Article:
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Salivary glands and human congenital cytomegalovirus infection: What happens in early fetal life?

Salivary glands and human congenital cytomegalovirus infection: What happens in early fetal life?
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Gabrielli L, Bonasoni MP, Chiereghin A, Piccirilli G, Santini D, Pavia C, Turello G, Squarzoni D, Lazzarotto T,


Gabrielli L, Bonasoni MP, Chiereghin A, Piccirilli G, Santini D, Pavia C, Turello G, Squarzoni D, Lazzarotto T, (click to view)

Gabrielli L, Bonasoni MP, Chiereghin A, Piccirilli G, Santini D, Pavia C, Turello G, Squarzoni D, Lazzarotto T,

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Journal of medical virology 2016 7 15() doi 10.1002/jmv.24628

Abstract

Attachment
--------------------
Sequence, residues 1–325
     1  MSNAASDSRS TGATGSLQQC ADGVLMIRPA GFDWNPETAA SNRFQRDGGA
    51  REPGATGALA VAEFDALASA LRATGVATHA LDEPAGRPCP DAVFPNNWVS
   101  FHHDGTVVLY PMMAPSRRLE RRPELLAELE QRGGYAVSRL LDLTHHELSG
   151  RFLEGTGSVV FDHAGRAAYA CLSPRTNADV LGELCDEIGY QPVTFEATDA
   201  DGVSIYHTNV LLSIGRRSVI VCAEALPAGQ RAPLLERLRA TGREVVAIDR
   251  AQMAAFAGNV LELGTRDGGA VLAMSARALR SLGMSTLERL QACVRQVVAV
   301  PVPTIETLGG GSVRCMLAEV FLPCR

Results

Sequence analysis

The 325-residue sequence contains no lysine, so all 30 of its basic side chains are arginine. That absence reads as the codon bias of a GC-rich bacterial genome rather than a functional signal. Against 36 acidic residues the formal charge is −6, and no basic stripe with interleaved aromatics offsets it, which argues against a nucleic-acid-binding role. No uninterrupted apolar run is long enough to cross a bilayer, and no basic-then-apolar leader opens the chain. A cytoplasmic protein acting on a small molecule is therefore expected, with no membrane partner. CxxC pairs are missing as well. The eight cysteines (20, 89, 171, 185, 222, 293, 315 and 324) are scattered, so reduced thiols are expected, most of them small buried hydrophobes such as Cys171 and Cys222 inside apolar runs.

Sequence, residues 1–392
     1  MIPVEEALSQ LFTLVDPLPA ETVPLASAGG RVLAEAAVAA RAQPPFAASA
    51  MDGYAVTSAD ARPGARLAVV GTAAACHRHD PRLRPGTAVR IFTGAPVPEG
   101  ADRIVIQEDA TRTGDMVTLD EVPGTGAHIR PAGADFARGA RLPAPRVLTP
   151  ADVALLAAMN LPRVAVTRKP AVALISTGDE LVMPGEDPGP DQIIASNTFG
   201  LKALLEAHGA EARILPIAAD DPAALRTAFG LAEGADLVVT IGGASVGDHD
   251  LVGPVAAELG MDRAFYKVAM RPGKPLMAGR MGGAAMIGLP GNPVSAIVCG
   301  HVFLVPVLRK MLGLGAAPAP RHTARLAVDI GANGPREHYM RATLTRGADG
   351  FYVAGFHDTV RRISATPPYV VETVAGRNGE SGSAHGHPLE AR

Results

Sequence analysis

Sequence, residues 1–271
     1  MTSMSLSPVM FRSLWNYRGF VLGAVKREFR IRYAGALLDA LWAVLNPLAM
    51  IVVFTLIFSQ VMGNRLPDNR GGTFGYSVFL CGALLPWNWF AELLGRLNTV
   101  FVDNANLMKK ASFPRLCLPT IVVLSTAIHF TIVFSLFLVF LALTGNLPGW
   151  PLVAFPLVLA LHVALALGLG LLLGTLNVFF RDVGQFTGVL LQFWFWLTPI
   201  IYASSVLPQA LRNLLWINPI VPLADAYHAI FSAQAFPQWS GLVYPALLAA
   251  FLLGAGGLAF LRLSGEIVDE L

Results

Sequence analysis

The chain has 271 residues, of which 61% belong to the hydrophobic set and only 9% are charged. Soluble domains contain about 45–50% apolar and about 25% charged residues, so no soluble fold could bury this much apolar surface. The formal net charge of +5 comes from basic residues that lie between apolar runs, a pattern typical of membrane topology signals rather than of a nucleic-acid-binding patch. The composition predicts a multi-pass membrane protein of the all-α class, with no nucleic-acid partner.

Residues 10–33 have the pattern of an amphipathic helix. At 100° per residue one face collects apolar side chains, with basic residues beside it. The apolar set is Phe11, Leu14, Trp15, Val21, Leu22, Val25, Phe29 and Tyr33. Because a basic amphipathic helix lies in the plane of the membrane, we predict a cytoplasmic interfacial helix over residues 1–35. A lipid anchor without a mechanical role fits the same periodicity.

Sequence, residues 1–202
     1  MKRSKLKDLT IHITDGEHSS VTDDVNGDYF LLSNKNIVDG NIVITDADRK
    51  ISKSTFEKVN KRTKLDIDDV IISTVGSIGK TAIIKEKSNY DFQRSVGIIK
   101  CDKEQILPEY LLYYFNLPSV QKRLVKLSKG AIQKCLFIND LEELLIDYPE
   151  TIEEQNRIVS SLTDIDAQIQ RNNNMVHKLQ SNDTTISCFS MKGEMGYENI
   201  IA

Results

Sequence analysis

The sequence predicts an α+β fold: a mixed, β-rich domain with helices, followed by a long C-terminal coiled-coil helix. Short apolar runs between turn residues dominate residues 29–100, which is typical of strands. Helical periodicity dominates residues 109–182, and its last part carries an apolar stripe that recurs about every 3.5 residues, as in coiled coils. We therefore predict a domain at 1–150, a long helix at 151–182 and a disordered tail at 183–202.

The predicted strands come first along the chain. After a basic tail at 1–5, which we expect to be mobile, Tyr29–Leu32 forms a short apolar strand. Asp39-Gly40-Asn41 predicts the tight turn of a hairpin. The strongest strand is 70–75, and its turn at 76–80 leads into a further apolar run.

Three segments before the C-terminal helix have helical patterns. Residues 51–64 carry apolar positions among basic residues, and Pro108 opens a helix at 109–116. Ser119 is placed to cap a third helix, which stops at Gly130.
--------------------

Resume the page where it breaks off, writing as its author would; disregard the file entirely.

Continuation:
Salivary glands are a site of human cytomegalovirus (CMV) replication, latency and persistence. Prolonged secretion of virus in saliva for months following a primary infection contribute to horizontal transmission. In order to better understand the early effects of CMV on salivary glands and the mechanisms of viral persistent replication, submandibular glands of six CMV congenitally infected fetuses at 21 weeks gestation were studied. Three fetuses at the same gestational age from CMV-seronegative women were compared as negative controls. Tissue viral load and the type of inflammatory infiltrate were evaluated. Moreover, development and branching of salivary glands, the number of myoepithelial cells, cellular proliferation and expression of secretory proteins of the saliva (Gross Cystic Disease Fluid Protein-15 and lysozyme) were studied. A low viral load and rare CMV-positive cells associated with T CD8 cytotoxic lymphocytes were observed. Branching was impaired with a decrease in terminal acinar structures, the number of myoepithelial cells and cellular proliferation were reduced. In addition, a compromised secretion of defense proteins involved in the oral humoral immunity was observed. These findings suggest that CMV may affect salivary glands, impairing structure development and secretion of defense proteins, which probably is responsible for the prolonged viral shedding in saliva. This article is protected by copyright. All rights reserved.

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